“Our presence shows our love”: on the streets of Minneapolis with violence switches – WCCO
MINNEAPOLIS (WCCO) – As Minneapolis grapples with its most violent year in decades, city leaders are hopeful that a special partnership can break the cycle of crime. Seven violence interruption teams cover the city’s most criminal areas. They are paid by the Violence Prevention Bureau.
WCCO wanted to see the work they are doing. So journalist Jennifer Mayerle and photographer Grant Verdon handed over a GoPro camera, three times over the summer, to capture the TOUCH Outreach team in action.
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Members of the TOUCH Outreach team hit the sidewalk six evenings a week. They may look like a community patrol in their matching orange shirts, but say their role goes much deeper.
âOur presence shows our love for the community, and it also deters crime from happening,â said Yulonda Royster.
This team is made up of around 30 men and women, many of whom come from the neighborhoods they serve.
âMost of the time it’s just to be there,â said Muhammad Abdul-Ahad.
Abdul-Ahad has long been a constant in southern Minneapolis, along the Lake Street corridor.
âWe got involved in some pretty difficult situations: guns, knives, different types of assaults. It’s emotional work, especially when you’re faced with things like that, âAbdul-Ahad said.
The teams are trained in de-escalation. They intervene when they sense that something is brewing.
âIt takes a special type of someone to jump in there and get in the middle,â Abdul-Ahad said.
They also believe that their presence deters crime from happening. And a big part of their job is to check in with people. Find out what they may need and provide resources.
âSome of them want to work, some want better, some are looking for housing,â said Tim Chandler.
They say connecting people with these basic needs, like access to jobs and to education and healthcare opportunities, can change their path. But it’s those who raise awareness and stop the violence that can make the difference.
âI was a big problem in these neighborhoods. I was involved in everything: drugs, gang banging, all of the above. I was a really tough guy until I had a revelation, âsaid Sanundre Burns.
READ MORE: ‘Violence switches’ hit streets of Minneapolis to keep the peace
Some time in prison helped Burns realize he wanted to be part of the solution.
âI think it brings confidence. To the people we meet there. Once they find out where we’re from and connect on a whole new level, âBurns said.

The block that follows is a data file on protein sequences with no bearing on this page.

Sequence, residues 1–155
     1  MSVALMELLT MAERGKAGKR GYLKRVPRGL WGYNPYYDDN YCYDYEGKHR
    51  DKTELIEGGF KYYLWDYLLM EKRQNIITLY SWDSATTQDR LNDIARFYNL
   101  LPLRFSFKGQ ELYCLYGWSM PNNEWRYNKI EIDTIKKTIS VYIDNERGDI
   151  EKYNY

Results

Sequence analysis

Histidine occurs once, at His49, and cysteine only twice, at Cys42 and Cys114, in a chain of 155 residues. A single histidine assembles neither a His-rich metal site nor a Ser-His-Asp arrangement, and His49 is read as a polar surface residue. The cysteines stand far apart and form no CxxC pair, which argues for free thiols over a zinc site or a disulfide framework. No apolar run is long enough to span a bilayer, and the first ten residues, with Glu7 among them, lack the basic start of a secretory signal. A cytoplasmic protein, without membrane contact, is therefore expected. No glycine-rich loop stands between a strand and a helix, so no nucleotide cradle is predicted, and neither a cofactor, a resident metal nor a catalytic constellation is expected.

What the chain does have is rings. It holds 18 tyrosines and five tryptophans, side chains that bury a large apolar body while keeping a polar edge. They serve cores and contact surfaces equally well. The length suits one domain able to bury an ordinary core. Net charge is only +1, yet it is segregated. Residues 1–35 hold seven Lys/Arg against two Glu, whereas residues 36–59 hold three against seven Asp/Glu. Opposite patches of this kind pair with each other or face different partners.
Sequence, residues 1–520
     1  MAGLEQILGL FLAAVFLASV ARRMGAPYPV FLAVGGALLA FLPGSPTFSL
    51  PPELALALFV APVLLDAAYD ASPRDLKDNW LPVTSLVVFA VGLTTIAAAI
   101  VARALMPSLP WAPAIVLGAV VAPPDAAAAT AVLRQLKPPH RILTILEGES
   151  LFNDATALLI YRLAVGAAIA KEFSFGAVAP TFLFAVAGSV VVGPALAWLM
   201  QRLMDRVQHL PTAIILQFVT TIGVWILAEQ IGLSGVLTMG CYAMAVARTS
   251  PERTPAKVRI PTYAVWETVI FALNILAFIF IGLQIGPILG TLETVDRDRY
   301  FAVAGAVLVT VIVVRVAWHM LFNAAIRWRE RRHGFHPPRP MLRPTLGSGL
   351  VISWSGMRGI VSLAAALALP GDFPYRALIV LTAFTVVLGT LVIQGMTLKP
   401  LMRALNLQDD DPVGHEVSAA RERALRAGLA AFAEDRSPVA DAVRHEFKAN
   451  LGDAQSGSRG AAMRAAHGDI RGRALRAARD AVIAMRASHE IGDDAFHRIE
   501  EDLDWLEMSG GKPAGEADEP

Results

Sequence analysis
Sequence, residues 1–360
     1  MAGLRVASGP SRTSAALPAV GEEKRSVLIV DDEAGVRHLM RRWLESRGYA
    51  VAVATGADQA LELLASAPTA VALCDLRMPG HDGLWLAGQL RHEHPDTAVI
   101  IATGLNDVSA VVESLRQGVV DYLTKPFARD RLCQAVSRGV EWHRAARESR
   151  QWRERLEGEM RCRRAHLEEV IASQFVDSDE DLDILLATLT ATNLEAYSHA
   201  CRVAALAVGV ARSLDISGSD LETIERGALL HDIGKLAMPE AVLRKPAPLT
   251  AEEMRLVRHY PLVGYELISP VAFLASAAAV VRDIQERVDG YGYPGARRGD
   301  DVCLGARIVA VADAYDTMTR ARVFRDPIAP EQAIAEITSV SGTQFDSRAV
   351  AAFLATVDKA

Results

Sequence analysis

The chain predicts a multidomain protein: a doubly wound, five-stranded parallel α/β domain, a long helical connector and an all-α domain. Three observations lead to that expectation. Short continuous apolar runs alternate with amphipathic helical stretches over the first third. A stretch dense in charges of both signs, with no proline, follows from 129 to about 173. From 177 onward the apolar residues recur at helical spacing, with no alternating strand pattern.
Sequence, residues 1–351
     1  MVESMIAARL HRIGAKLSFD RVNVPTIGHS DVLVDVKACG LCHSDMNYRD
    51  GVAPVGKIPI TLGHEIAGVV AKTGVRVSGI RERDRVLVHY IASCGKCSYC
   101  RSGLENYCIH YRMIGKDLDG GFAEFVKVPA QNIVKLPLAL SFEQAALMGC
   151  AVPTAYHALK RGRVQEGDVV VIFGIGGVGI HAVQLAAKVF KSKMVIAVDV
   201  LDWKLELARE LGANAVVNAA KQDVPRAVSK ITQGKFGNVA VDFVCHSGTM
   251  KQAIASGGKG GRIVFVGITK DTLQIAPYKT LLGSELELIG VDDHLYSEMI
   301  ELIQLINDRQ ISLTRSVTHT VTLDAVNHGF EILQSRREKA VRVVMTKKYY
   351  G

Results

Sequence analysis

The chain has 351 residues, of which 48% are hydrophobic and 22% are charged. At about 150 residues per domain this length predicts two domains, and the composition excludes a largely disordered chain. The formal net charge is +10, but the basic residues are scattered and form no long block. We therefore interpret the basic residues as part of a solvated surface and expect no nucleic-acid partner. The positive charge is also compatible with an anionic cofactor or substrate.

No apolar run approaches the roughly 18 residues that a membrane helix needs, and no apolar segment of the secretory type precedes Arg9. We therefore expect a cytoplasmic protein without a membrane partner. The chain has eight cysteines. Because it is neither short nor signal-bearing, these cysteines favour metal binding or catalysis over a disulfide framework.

Royster grew up around crime. She hopes she can teach young people that there is another option.
âIf you just sit down and talk to them, their stories would break your heart, and some of them felt like they had no choice. They didn’t grow up in loving homes, âRoyster said.
The Violence Interruption Program is part of reimagining public safety by taking a public health approach following the police murder of George Floyd, said Sasha Cotton, director of the Office of Violence Prevention .
âI think we would be absolutely remiss if we didn’t consider new strategies, ways to innovate in the midst of a public safety crisis,â Cotton said. âPart of the strategy is to look at the big picture, macro, to reducing violent crime in the areas in which they work and its impact at the community level. “
The team feels they continue to strengthen their impact every day.
âBy seeing each other six days a week, we build those relationships,â Royster said.
They also organize free community events, to bring people together without barriers, to let the community know who they are and to give them a space to get to know their neighbors and the agents who work in the area.
âWe are spreading love and hope, and hope for change,â Abdul-Ahad said.
And say they will keep pushing for a safer tomorrow.
âI’m not saying it’s going to repel all the violence, but our presence is something really positive,â Chandler said.
Shifts are hired to work five-hour shifts, six days a week. Outreach workers are paid $ 30 an hour. The contract started in May and runs until the end of the year.